What are beneficiaries? How do I decide if somebody is to be a beneficiary?
Beneficiaries are the people you name in your Will who will receive a benefit from your estate. They may be specifically named by name, or you may simply call them, for example, “my children”. We generally recommend that you name your beneficiaries by name. You also need to consider the share of your estate that you are going to give to that beneficiary. We generally recommend between children and grandchildren, but there may be reasons why you do not want to do this. We are happy to discuss that with you.
What happens to our house if it is jointly owned? Does it form part of the estate, or does it go automatically to my partner?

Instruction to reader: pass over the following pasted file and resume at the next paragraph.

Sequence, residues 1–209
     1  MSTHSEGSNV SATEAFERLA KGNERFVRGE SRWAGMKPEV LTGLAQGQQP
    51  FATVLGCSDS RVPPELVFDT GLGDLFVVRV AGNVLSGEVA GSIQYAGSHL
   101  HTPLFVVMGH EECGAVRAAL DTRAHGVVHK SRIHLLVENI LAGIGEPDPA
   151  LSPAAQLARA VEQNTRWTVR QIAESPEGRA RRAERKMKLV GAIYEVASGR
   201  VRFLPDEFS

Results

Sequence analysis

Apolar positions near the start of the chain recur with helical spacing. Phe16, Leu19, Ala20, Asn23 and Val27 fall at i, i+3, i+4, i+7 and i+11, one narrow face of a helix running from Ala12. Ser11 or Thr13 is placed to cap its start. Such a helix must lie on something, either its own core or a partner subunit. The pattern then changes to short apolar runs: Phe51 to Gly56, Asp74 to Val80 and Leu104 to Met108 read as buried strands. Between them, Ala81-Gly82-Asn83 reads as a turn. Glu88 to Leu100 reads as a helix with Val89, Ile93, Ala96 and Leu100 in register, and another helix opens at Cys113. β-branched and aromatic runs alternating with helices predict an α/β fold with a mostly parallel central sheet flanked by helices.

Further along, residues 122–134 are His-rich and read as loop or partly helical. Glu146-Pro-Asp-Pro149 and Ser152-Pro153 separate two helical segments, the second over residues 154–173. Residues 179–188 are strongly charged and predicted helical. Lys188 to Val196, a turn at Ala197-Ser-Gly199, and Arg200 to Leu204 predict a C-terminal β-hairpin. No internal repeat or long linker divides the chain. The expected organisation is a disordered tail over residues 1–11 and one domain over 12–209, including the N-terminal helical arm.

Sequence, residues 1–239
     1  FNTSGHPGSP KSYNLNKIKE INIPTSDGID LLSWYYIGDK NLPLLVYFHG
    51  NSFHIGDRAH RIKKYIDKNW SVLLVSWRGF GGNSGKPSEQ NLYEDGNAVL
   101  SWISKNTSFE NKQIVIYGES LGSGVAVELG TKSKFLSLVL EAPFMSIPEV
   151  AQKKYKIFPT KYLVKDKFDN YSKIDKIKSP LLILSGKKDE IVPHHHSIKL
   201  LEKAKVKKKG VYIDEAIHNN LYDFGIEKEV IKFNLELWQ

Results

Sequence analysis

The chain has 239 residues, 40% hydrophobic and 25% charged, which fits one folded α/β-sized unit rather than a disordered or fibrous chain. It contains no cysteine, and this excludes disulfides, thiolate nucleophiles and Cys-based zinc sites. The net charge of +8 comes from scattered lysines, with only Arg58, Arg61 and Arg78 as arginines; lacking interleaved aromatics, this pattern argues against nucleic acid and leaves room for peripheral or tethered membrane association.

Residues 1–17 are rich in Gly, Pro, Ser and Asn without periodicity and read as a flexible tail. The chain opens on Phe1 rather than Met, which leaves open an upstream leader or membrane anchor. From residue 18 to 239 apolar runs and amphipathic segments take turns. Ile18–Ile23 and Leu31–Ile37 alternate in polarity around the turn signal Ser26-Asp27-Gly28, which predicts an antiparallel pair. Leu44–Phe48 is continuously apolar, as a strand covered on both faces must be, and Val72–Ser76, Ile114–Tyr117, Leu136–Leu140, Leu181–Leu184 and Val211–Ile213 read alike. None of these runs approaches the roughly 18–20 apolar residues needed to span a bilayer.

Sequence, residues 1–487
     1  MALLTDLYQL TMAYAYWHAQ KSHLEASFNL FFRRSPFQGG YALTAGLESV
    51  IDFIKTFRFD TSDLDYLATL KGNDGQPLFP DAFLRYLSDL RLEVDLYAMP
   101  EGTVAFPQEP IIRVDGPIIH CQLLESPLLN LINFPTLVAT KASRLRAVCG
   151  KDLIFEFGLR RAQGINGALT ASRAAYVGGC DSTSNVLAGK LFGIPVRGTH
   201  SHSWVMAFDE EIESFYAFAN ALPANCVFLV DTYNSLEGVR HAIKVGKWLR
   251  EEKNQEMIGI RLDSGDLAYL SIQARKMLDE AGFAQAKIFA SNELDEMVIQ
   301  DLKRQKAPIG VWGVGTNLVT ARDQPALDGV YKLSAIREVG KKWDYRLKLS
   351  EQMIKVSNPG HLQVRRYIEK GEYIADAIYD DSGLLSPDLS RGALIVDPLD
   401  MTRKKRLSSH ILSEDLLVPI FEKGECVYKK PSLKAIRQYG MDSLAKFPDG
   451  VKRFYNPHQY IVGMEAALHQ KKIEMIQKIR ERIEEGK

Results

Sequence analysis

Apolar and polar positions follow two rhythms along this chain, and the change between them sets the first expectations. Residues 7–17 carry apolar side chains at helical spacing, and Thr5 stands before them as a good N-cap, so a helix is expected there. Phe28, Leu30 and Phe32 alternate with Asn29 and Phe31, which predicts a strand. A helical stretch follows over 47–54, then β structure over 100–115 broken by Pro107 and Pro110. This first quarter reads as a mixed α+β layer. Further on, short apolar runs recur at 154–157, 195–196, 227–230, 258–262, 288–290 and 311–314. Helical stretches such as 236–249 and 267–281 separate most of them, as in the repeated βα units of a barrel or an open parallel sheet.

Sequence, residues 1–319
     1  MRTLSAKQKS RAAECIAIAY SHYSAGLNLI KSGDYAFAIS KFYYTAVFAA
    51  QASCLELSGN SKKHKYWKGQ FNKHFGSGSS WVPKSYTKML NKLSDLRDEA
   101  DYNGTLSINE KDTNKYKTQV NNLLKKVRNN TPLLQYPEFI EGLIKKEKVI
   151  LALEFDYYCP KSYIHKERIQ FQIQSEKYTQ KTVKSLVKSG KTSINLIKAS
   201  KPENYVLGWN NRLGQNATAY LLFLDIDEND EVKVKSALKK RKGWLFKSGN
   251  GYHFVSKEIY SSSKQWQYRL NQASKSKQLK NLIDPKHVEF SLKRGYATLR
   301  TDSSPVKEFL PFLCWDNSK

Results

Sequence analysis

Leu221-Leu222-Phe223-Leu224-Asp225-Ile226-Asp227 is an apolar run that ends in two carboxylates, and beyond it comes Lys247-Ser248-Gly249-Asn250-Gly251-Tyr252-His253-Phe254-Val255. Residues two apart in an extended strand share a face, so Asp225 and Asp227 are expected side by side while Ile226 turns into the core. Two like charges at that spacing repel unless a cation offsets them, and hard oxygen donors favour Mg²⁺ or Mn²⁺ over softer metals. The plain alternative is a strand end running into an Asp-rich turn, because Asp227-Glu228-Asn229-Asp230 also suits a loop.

If your house is owned jointly as “joint tenants”, then the property will pass automatically to the other owner upon your death and your Will is irrelevant in that case. It is important that you understand this when you are making your Will, because the property will not form part of your estate. Your estate is simply all the assets that you have as at the time that you die.
What about superannuation? Does it form part of my estate?
Normally, superannuation will have a nominated beneficiary – that is, it will go to that person or those persons and not form part of your estate. In our experience, you will often need assistance when dealing with the superannuation fund which will have requirements that may or may not be different to the requirements of the Will.
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